William Carlos Williams

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What are William Carlos Williams' main poetic characteristics?

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William Carlos Williams (September 17, 1883–March 4, 1963) was a poet, writer, and, importantly, physician. He spent most of his adult life in Rutherford, New Jersey, where he was affiliated with Passaic General Hospital. One of the distinct features of his writing is the way it grew out of his experience as a practicing family doctor who engaged in close observation of the details of the ordinary life of his family, friends, and patients. Along with Robert Frost and Walt Whitman, he can be considered a poet deeply embedded in the American experience and thus distinct from many members of the modernist movement, despite his technical experimentation. Although Williams was well-educated and sophisticated as reader and writer, he was somewhat less closely tied to European traditions than his friends and fellow imagists Pound and H.D., or modernists such as Eliot, but instead fully rooted in a rural American tradition with a strong sense of place and community.

Williams's poetry is written in free verse. It uses ordinary rather than literary language grounded in American rather than English idiom, and evokes emotion often indirectly by meticulous presentation of striking sensory details, including not only vision but also all the other senses. The generic terms applied to Williams work most often are "modernist" and "imagist." Williams was known for both very short, striking works grounded in single images and long poems and prose poems loosely and thematically rather than narratively structured.

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William Carlos Williams is an imagist poet. Especially in later life, in longer poems like "Paterson," he used America as his subject.

Although initially influenced by Keats and Whitman, meeting the poet Ezra Pound was the seismic event in Williams's poetic life. He took to heart Pound's dictum: "make it new."

He also met and was deeply influenced by imagist poets such as H.D. Imagism represented a sharp break with the poetry of the past. Unlike poets such as Keats, Tennyson, or Hardy, who often told a story, or, in other words, wrote narrative poems, imagist poets wanted to capture images in a stark, clear, and precise way. Their poetry was more like painting than story-telling. A classic example—perhaps the classic example of an imagist poem is Williams's "The Red Wheelbarrow:"

so much depends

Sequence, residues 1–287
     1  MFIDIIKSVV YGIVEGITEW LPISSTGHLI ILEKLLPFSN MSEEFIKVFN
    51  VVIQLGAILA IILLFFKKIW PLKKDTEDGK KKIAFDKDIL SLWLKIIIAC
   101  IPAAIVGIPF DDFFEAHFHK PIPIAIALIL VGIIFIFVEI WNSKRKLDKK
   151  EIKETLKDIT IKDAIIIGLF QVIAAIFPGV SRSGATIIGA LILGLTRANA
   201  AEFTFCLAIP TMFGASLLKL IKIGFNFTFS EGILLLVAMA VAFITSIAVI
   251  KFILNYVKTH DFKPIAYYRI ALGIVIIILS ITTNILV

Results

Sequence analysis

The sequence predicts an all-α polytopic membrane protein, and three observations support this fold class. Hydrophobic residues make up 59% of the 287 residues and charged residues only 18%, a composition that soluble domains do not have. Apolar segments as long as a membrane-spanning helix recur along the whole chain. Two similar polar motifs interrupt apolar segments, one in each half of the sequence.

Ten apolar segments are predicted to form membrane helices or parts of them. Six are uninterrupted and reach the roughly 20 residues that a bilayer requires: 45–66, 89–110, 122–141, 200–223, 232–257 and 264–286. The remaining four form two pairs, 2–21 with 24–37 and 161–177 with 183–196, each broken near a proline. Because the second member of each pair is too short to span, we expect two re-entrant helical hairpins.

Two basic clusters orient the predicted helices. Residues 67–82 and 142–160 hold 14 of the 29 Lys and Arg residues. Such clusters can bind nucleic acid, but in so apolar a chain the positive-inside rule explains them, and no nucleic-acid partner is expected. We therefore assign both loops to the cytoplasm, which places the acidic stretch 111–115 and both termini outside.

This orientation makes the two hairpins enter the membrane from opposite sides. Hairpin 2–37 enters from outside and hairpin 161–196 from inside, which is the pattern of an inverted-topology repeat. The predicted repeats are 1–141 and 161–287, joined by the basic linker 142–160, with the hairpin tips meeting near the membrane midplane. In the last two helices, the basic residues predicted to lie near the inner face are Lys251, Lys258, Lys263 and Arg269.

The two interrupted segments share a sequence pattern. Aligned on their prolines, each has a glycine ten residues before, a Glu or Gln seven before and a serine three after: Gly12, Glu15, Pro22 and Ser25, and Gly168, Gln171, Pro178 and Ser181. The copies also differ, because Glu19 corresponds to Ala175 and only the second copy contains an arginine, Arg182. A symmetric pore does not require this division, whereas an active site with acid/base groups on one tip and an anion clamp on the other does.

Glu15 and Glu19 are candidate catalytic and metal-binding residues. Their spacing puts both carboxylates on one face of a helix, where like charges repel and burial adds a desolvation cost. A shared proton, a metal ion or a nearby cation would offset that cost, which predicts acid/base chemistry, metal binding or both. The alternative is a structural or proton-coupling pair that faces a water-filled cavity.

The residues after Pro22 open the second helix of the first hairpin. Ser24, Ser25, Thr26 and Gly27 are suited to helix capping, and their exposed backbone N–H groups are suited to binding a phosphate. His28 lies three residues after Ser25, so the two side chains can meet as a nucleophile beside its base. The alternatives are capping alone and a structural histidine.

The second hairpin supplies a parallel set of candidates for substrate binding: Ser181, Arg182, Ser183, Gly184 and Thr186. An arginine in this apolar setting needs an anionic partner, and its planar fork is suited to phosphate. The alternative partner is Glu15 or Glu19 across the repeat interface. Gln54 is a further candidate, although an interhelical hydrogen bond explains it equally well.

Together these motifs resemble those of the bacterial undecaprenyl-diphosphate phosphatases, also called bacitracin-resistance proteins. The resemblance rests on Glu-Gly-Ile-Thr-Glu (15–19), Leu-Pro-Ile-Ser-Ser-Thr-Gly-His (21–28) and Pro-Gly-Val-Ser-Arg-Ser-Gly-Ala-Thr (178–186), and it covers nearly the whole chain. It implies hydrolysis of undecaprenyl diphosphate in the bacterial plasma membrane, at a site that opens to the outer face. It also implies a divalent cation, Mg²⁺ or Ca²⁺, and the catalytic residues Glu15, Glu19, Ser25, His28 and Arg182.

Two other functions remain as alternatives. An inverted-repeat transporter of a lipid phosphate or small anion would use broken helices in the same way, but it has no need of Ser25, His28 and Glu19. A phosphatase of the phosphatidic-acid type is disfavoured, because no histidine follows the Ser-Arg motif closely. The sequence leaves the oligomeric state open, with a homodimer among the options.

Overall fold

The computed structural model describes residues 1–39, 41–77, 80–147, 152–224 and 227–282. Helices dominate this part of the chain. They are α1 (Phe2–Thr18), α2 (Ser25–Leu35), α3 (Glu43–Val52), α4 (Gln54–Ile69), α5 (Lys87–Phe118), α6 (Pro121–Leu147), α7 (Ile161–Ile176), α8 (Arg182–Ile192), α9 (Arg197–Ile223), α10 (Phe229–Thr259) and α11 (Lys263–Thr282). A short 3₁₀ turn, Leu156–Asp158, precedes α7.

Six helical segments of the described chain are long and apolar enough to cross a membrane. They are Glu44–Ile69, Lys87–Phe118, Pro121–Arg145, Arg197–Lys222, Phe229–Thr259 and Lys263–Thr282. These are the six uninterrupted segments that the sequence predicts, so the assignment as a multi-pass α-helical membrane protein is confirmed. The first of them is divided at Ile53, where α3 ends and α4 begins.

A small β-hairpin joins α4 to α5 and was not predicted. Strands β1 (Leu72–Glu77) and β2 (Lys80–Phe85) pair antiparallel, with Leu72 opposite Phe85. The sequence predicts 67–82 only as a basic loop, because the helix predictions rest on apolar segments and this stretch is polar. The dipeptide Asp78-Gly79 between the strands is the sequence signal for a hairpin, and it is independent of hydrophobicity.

upon a red wheel barrow

glazed with rain water

beside the white chickens.

The poem is short, simple, and stark. It relies on the reader being able to visualize a rain-dripping red wheelbarrow next to white chickens. It is almost impossible to imagine a Victorian poet writing such a poem.

Williams was shocked by T.S. Eliot's "The Wasteland," which, though he admired it, he felt set poetry back because it was so complicated and allusive. He wanted poetry to head in the direction of the clear and direct. Later in life, he published a long poem called "Paterson" that attempted to capture the American spirit through a place, Paterson, New Jersey, which was near his home of Rutherford, New Jersey. Though long, the poem uses simple diction, and a jagged, often imagistic style.

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Certainly, at first glance, the poetry of William Carlos Williams seems to be very curious. In fact, when he first started writing poems like "This Is Just to Say," nobody took him seriously. Typically, his lines do not have any meter and no rhyme. No figurative language is used and no other "normal" elements of poetry were utilised except for imagery and a very unique sense of rhtyhm. Often punctuation was completely absent as well. However, these are elements of his own poetic style, which he called objectivism.

William Carlos Williams in his poetry tried to focus on the reality of individual life and its surroundings. In his poetry, he tried to cut out any unnecessary elements and returned to the bare necessities. Thus we can see that his work does not include frequent allusions like his two contemporaries, Pound and Eliot.

Thus we can see that what characterises the style of Williams is his concise and sparse writing, focusing on everyday topics. For Williams, the supposedly "boring" and commonplace topics of, for example, a red wheelbarrow, schoolgirls walking down a street, and a piece of paper blowing in the wind all became topics of his poetry. Through which, of course, he hoped to evoke the power and wonder of the ordinary.

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